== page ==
Theatre producer Born
DAVID MacLennan, who died yesterday in
Describing MacLennan as the country's "top theatre producer" is not hyperbolic. His list of achievements in theatre over the past 40 years range from the remarkable to the astounding.
The flamboyant character, famous for wearing sunburst cord trousers, a 1950s Tour de France moustache and red body warmer, set up 7:84
And in the past ten years he has developed the hugely successful Play, Pie and a Pint lunchtime theatre event at
His reputation in the acting world was such he was able to attract major talent in the form of
The son of doctors, (his father was the eminent obstetrician Sir
"I've loved theatre since I was around six-years-old and my parents took me to the King's Theatre to see Peter Pan," MacLennan recalled in a recent interview with The Herald.
"As the little
"Before I knew it, I was standing on my seat shouting at the top of my voice. And I've been captivated by the magic ever since."
His parents who lived in the west end of
"I'd visit Jimmy in his dressing room, with all the wonderful mirrors, costumes and make-up boxes then go backstage and see the Bluebell Girls dancers close up, with their legs all the way up to their oxters," he recalled.
As a boy MacLennan made his stage debut at boarding school, in Charley's Aunt, playing Lord Fancourt Babberley - in drag. He'd fallen in love with acting. "I don't think my parents fell in love with the idea, though," he says. "They would have been happier with a stethoscope around my neck as opposed to a string of beads."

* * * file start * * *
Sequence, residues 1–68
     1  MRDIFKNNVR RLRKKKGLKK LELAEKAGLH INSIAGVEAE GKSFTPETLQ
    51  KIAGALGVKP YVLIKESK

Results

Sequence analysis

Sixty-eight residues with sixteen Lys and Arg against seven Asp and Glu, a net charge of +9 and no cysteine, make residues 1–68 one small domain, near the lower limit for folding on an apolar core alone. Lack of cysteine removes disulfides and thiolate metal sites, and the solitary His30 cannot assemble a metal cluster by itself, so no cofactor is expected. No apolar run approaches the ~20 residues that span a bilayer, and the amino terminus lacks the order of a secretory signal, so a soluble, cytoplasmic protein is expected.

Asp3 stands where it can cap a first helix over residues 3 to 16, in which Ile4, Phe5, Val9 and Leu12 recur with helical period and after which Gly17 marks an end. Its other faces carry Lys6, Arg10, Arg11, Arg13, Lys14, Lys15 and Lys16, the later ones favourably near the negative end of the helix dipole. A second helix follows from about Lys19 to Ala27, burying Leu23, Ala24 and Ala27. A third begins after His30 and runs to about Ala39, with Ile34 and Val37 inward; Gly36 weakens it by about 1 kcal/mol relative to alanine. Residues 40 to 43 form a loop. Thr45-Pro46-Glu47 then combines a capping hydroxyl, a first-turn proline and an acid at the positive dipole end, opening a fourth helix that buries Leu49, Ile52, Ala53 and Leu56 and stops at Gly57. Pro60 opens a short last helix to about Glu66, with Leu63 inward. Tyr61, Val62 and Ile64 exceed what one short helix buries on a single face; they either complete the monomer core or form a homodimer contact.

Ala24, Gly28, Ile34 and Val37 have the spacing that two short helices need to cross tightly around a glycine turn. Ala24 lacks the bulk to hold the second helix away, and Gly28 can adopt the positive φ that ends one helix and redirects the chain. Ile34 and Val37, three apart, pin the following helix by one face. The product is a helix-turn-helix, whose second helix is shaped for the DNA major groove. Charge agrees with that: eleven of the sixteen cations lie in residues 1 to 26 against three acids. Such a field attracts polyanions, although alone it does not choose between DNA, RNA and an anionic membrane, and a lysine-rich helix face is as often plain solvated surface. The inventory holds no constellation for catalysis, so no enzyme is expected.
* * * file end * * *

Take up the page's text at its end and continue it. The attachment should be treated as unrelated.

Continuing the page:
In 1969, with his parents' approval, MacLennan went on to study acting at the
However, he came to appreciate his role could be one of theatre producer and in 1971 joined with
With his troop of actors, including
The agitprop ("Our politics was Marxist-MacLennanist," said Paterson) captured the mood of the period.
In 1978, MacLennan was now an established playwright as well as a director/producer and went on to set up renowned theatre company Wildcat, another politically-inspired production unit, with friend and musician
"We never got rich, but we never stopped touring," MacLennan recalled."I'm so lucky I came into the business when it was growing. It was fun, sharing attitudes and politics."
His achievements didn't end there. MacLennnan went on to set up the
In 1989, he opened the
In 2003, MacLennan took a trip to
The idea became a phenomenal success, with MacLennan going on to produce 337 plays over a ten-year period. Married to actress
When MacLennan was diagnosed with the terminal muscle-wasting illness MND, the news conveyed by his consultant a year ago, it did not blunt his enthusiasm for theatre.
"We were still having creative differences about the Oran Mor summer panto just a few days ago," says co-writer Anderson. "He loved his work. And he loved his life."
MacLennan, who once appeared on stage wearing nothing but a giant nappy and a pleased expression, revealed that to be the case. "I've been remarkably lucky," he said of his life.
"I think one of the things about getting this wretched illness is it focuses the mind on how lucky I've been with my work, my family and my friends."
MacLennan leaves a formidable legacy. His lunchtime theatre concept A Play, A Pie and a Pint is now being copied around the world.
Co-productions now operate throughout the
Oran Mor writers' efforts have been translated into Italian and Russian, performed in
Indeed Coltrane cites MacLennan as the reason for his first return to theatre in 15 years, appearing during Oran Mor's second season.
In February this year, MacLennan admitted he would have come up with a different ending for his Final Act. "I can imagine choosing to die in the middle of the Tay, with a salmon on the line and a hip flask in my pocket, going out to a giant heart attack aged 104," he said with a wry smile.
MacLennan is survived by wife